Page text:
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Prices of State Bonds Slide on Concern Over Energy Crisis

Investing: The nervousness could add millions to California's borrowing costs when it tries to sell $20 billion in new issues.


Prices for bonds sold by the state of California are sliding, as concerns that the recent bankruptcy filing by Pacific Gas & Electric, the state's largest utility, will further complicate the state's ongoing energy crisis.

The nervousness in the California bond market could add millions to the state's borrowing costs when it tries to sell nearly $20 billion worth of new bonds later this year.

"I don't think we've seen the worst of this yet," said Mary Beth Syal, a municipal bond portfolio manager at Payden & Rygel, a Los Angeles bond firm with $2 billion of municipal bonds.

It's important to note that analysts aren't predicting the state will miss interest payments on outstanding bonds, or that owners of these bonds won't receive the full face value when their securities reach maturity. A decline in the price of existing bonds affects bondholders only if the securities are sold before maturity.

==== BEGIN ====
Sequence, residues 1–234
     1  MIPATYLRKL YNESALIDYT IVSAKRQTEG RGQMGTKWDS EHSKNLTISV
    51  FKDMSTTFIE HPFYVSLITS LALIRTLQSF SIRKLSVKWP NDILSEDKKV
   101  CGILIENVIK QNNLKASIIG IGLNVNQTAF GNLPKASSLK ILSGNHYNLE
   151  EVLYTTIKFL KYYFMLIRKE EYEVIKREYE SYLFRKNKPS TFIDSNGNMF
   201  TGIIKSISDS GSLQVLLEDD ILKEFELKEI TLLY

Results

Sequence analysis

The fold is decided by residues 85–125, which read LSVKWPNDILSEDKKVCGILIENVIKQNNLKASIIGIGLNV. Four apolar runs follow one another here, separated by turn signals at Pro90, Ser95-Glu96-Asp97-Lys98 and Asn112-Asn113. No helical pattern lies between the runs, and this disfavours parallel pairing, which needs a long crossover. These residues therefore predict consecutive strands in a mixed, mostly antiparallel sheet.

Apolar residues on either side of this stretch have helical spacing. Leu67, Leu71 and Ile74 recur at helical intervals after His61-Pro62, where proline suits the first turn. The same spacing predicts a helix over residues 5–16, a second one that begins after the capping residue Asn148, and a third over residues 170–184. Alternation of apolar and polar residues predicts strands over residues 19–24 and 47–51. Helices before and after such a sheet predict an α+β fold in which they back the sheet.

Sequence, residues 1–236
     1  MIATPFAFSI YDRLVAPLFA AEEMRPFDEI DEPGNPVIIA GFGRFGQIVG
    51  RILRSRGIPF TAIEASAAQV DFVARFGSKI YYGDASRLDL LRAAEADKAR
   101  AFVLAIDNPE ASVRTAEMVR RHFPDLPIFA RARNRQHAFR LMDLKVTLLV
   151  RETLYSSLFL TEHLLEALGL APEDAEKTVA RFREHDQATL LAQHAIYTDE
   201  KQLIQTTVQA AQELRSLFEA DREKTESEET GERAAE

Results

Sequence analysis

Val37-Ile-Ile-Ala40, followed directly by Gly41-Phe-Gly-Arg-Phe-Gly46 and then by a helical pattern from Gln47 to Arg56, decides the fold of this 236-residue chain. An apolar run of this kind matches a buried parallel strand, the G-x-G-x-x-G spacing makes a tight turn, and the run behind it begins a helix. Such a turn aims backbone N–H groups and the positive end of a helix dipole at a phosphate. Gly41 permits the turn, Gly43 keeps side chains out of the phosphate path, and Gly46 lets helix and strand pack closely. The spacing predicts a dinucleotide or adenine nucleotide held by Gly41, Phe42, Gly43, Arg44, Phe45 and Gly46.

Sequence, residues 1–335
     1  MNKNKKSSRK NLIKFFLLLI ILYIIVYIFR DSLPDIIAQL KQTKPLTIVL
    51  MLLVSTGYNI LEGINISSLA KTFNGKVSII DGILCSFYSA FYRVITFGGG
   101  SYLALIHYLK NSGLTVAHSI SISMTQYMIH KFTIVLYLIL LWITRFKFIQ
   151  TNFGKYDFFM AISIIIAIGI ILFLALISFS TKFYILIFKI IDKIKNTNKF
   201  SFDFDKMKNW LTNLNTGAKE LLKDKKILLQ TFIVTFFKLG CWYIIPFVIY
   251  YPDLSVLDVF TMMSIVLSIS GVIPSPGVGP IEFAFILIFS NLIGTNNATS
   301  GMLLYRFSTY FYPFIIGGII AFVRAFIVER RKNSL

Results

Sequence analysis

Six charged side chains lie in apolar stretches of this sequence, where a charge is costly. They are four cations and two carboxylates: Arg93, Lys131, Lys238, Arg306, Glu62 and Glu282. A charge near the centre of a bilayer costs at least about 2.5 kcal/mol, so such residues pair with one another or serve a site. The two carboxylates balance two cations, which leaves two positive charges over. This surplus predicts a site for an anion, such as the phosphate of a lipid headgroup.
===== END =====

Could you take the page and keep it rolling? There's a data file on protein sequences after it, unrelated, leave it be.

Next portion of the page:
However, the ongoing energy crisis could hurt the state's long-term financial health, and that's what makes bond traders nervous.

In the last three months, prices for the state's general obligation bonds have dropped an average of $15 to $20 on a $1,000 bond that matures in 10 years, said traders. Nearly half of that decline has occurred this week, traders said.

Although most of that was due to the state's energy woes, it didn't help that U.S. Treasury bonds on Tuesday suffered their worst one-day loss since Jan. 3 as investors dumped bonds because of a stock market rally.

Large institutions, such as insurance companies, that own billions of dollars of California's general obligation bonds reportedly were trying to sell large blocks of bonds on Tuesday but finding no bidders, bond traders said.

"Any bond where the state of California is on the hook is being affected," said Robert Gore, a longtime municipal bond manager and partner with Crowell Weedon & Co., a Los Angeles investment firm.

"The whole energy thing has been handled so poorly, it worries the market. The problem is that they aren't talking anything that looks like a solution," Gore said.

The state of California sells bonds to fund schools, roads and other state projects. The state has $19 billion of general obligation debt outstanding and $28 billion of other debt, according to the California Debt and Investment Advisory Commission, a state debt tracker.

Municipalities and other agencies in the state sell bonds as well, but those securities are not being as adversely affected, traders said.

Dropping bond prices mean the state will have to pay higher interest rates to entice investors--both individuals and institutions--to buy future debt issues.

It also means the state will have to pay more--it's unclear how many millions of dollars more--if it goes forward with plans to sell nearly $20 billion of bonds this year, a near-record amount.